Soft, tactile and rose-tinted; this is Pennisetum ‘Karley Rose’

    Molinia caerulea ‘Edith Dudszus’

    This variety may be a bit of a tongue twister but this ‘Purple Moor Grass’ is delicate and easy to look after ornamental grass for a small or large garden. It will quite happily sit just 30-60cm in diameter with its dark green leaves before sending up the darkest purple flowers. This dark contrast which is unusual for a grass means it can pop out of a border, especially when next to other bright colours. It’s one of my absolute favourites. Subtle but it still holds its own in a herbaceous border.

    Purple Moor Grass adds some dark tones to a border; look at how it pops out from the Alchemilla behind it?
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    Melica ciliata

    This specimen is a pretty rare one for UK gardens and is often confused with the ‘Timothy’ weedy grass species. However, it really shouldn’t be overlooked as an incredible ornamental grass for the smallest of gardens. It’s relatively shy in the border taking up to 30cm in width. When it flowers it sends up long fluffy panicles of flowers. Which can brighten even the darkest border with their white plumes. A great one to set behind your border plants to give some oomph to the summer season. My Melica flower from May all the way through to October. A really great ornamental grass with a real wow factor.

    Melica ciliata: A real unusual hidden gem of an ornamental grass

    Taller Grasses for Larger Gardens

    If you’ve got a larger garden or simply want more of a statement plant then the following grasses are for you. You often hear of people using specimen trees or shrubs but why not use a statement grass instead? These examples are great to add drama, texture and real intrigue to your garden borders.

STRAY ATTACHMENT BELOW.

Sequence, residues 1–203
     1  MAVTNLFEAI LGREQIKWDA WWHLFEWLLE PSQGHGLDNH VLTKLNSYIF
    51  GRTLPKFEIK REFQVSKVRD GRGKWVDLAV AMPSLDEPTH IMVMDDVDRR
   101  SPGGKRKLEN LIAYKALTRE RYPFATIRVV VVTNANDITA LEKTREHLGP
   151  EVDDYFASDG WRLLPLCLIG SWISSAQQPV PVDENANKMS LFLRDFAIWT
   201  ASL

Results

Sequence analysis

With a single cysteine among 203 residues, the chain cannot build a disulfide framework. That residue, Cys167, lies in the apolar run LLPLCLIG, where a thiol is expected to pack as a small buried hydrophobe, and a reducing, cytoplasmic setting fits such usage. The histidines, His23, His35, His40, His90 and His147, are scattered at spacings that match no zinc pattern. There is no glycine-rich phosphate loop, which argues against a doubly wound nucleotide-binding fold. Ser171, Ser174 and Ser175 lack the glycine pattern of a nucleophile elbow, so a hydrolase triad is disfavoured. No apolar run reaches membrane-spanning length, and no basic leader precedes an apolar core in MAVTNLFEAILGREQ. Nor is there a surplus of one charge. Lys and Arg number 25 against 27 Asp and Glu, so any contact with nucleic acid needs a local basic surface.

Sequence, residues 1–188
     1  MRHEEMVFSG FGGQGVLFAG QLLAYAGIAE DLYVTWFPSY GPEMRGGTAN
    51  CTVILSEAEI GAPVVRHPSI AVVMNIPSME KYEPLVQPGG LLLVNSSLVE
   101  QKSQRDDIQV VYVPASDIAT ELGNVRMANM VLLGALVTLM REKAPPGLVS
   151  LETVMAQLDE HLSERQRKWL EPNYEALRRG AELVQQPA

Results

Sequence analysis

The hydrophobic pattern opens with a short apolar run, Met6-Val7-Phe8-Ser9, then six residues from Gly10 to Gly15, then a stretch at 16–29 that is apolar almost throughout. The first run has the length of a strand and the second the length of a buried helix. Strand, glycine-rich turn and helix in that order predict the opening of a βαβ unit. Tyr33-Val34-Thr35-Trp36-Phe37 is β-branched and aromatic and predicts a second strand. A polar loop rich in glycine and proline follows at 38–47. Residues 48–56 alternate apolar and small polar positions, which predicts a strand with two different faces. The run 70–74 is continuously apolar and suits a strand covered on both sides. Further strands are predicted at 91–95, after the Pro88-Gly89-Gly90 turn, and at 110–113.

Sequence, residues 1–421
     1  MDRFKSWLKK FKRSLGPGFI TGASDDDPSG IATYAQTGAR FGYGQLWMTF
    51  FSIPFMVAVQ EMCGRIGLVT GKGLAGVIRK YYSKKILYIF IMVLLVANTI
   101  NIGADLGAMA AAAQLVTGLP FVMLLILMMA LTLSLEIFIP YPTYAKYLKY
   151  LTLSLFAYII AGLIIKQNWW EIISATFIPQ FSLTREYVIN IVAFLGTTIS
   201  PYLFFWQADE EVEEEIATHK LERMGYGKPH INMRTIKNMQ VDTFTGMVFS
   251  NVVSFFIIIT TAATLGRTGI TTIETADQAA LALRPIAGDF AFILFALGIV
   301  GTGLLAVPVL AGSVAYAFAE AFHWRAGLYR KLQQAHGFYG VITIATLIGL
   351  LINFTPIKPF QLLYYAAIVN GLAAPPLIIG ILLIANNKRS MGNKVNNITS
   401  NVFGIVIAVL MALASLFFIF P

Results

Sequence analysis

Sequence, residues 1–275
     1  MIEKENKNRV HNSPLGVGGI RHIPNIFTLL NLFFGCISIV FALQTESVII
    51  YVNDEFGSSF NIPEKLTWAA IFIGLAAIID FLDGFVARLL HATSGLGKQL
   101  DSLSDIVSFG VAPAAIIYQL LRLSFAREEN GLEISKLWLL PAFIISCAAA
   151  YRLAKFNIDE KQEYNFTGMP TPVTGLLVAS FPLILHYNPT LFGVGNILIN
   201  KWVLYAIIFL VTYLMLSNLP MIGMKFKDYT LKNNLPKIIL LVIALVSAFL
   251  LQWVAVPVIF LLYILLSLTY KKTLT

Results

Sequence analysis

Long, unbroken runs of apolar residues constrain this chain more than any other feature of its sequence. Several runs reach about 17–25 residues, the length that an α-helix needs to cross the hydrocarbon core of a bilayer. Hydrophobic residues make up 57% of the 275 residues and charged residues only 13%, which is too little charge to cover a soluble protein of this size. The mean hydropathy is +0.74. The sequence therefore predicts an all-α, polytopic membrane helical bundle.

Stipa gigantea

    Probably the largest and most popular of the larger specimens this beauty will dominate a border with cool calming movement. What’s really interesting is the low maintenance of this grass. It’s a semi-evergreen so all I do is cut back the spent seed heads but leave the green ‘crown’ or base foliage of the grass year-round. It sends up massive delicate oaty seed heads, beautiful in cut flowers or dried. It’s not for the smallest gardens or borders as the base of the plant can be quite bare. I tend to use it in larger borders with more dense herbaceous plants around it. So I can see through it to other layers of planting.

    Great when planted in bulk; I’d save this only for the larger of borders

    Miscanthus sinensis ‘Morning Light’

    Another larger but meatier grass is from the Miscanthus species. This grass sends out huge plumes of yellow to white flower heads and reaches 1.5 – 2m in height. A real statement plant. Its denser than Stipa and the foliage adds bulks or a full stop to a border. Cut this one back hard in late Winter to ensure you get flowers each year. Also, wear gloves as the leaves can be sharp and can be an irritant to your arms if not careful! Well worth a place in the best ornamental grasses for a garden!

    The Peacock of all grasses – the Miscanthus